Be assured: God does not “hold you responsible for something that someone else did.” But to understand the Lord’s words to Moses, we need to consider the Old Testament and the New Testament.
Old Testament doctrine: “Generational curse”
In Romans, chapters 5 through 7, the apostle Paul argues that, from a certain point of view, human sin and death are a corporate problem rather than an individual one. He tells us that “one man’s sin [Adam] brought guilt to all people” (Romans 5:18, NIRV) and that “sin entered the world because one man sinned. And death came because of sin” (Romans 5:12, NIRV).
This is why each one of us remains a “slave of sin” unless we’re “set free” by the redemptive work of Jesus Christ (Romans 6:20-22, NIRV).
So here’s what the “generational curse” is really about: The skeletons in your closet weren’t put there by your dad or your grandmother or your great-aunt. They’re the work of your First Parents. You were in Adam when he broke God’s commandment. You were condemned with him. But that’s not the end of the story — praise God!
Just as you were in Adam when he fell from grace, so now, if you believe in Jesus, you are in Christ through faith. This is what Paul means when he says that “one man [Jesus] did obey. That is why many people will be made right with God.” (Romans 5:19, NIRV).
To get out from under the “generational curse,” you have to be grafted into a whole new family tree (Romans 11:11-24).
New Testament teaching: Salvation is individual
As New Testament believers, we know that there is only one standard God uses to judge the world and determine who is saved and who isn’t: faith in Jesus Christ. Scripture confirms this in several passages, including:
- “Whoever has the Son has life; whoever does not have the Son of God does not have life” (1 John 5:12, ESV).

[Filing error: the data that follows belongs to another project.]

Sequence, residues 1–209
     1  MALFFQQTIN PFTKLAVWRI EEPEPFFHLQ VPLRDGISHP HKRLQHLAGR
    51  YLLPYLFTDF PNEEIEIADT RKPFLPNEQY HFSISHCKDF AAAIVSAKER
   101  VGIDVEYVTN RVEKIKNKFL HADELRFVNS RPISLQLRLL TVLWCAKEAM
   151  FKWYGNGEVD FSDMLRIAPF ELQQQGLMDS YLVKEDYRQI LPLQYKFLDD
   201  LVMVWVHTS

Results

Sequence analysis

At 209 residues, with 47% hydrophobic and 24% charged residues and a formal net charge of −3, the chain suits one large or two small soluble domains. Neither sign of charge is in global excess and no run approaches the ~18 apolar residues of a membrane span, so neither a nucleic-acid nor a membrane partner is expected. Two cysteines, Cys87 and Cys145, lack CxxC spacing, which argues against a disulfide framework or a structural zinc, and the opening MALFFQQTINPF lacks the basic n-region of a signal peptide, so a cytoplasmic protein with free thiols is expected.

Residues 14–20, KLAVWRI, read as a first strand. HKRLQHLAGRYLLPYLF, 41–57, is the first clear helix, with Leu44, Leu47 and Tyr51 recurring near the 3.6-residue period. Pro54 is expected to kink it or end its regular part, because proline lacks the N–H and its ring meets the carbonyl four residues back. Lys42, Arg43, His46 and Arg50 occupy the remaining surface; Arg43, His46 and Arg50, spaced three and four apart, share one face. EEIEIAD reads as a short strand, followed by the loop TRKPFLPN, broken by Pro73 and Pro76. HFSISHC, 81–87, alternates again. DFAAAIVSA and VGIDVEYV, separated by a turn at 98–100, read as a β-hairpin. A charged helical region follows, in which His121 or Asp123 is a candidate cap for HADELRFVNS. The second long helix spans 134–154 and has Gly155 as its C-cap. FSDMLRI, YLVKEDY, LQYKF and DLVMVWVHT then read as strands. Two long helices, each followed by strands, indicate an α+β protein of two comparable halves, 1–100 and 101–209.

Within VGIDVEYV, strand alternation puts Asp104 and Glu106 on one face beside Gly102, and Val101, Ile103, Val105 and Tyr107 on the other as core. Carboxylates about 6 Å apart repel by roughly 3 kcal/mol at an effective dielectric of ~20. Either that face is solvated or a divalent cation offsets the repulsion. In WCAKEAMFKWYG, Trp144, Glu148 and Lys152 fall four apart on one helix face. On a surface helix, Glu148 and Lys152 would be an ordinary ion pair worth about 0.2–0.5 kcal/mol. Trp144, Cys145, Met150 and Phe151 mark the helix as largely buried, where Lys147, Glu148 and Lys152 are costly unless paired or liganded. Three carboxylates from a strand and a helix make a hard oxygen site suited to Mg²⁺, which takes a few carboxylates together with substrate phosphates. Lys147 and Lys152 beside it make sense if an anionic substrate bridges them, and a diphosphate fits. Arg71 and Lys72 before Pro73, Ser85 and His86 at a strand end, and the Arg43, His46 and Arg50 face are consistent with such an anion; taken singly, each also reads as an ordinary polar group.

- “For God did not send His Son into the world to condemn the world, but that the world through Him might be saved. He who believes in Him is not condemned; but he who does not believe is condemned already, because he has not believed in the name of the only begotten Son of God” (John 3:17-18, ESV).
The Old Testament prophet Jeremiah wrote 600 years before the birth of Christ, and he anticipated this New Testament perspective. That ultimately, you will answer for your own actions:
“In those days people will no longer say, ‘The parents have eaten sour grapes. But the children have a bitter taste in their mouths.’ Instead, everyone will die for their own sin. The one who eats sour grapes will taste how bitter they are” (Jeremiah 31:29-30, NIRV).
In other words, every individual is responsible for their own choices. And in the end, the only choice that really counts is how you answer this question: “Then what shall I do with Jesus who is called Christ?” (Matthew 27:22, ESV)
- Will you reject Him? If you end up spending eternity separated from God (Matthew 8:12, Matthew 13:42), it won’t be because of the skeletons in your family closet. It will be because you didn’t embrace the gift of God’s forgiveness and grace through Jesus Christ (John 1:17, John 3:16).
- Or will you receive Him? If you dwell forever in fellowship with the Heavenly Father, it won’t be because you somehow managed to avoid the mistakes made by previous generations. It will be because you accepted God’s merciful offer of unmerited deliverance and salvation.
No one — not your parents, your grandparents, your aunts, uncles, spouse, children, grandchildren, or friends — can make that decision for you. It’s your decision to make. Even the worst offender in a long line of sinners can be saved by turning to Christ.
But what about addiction and abuse?
Set theology aside for a moment. Common sense tells us that behavior and attitude problems — just like physical characteristics of height, weight, hair color, and complexion — tend to run in families.
In the same way, certain types of sin can be passed from generation to generation. This is particularly true of addictive behaviors such as alcoholism. Similarly, physical and sexual abuse might become ingrained in the psychological legacy of certain families.
However, none of this should be viewed in terms of an irreversible “curse.” Spiritual deliverance is available to everyone who sincerely calls upon the name of the Lord (Romans 10:13). And there are many sources of professional assistance for those who need practical help — pastors, therapists, counselors, and doctors.
Would you allow us the honor of being the starting point for help? If you’d like to talk more about your specific situation, call our licensed or pastoral counselors here at Focus on the Family. They’d love to speak with you over the phone for a free consultation.
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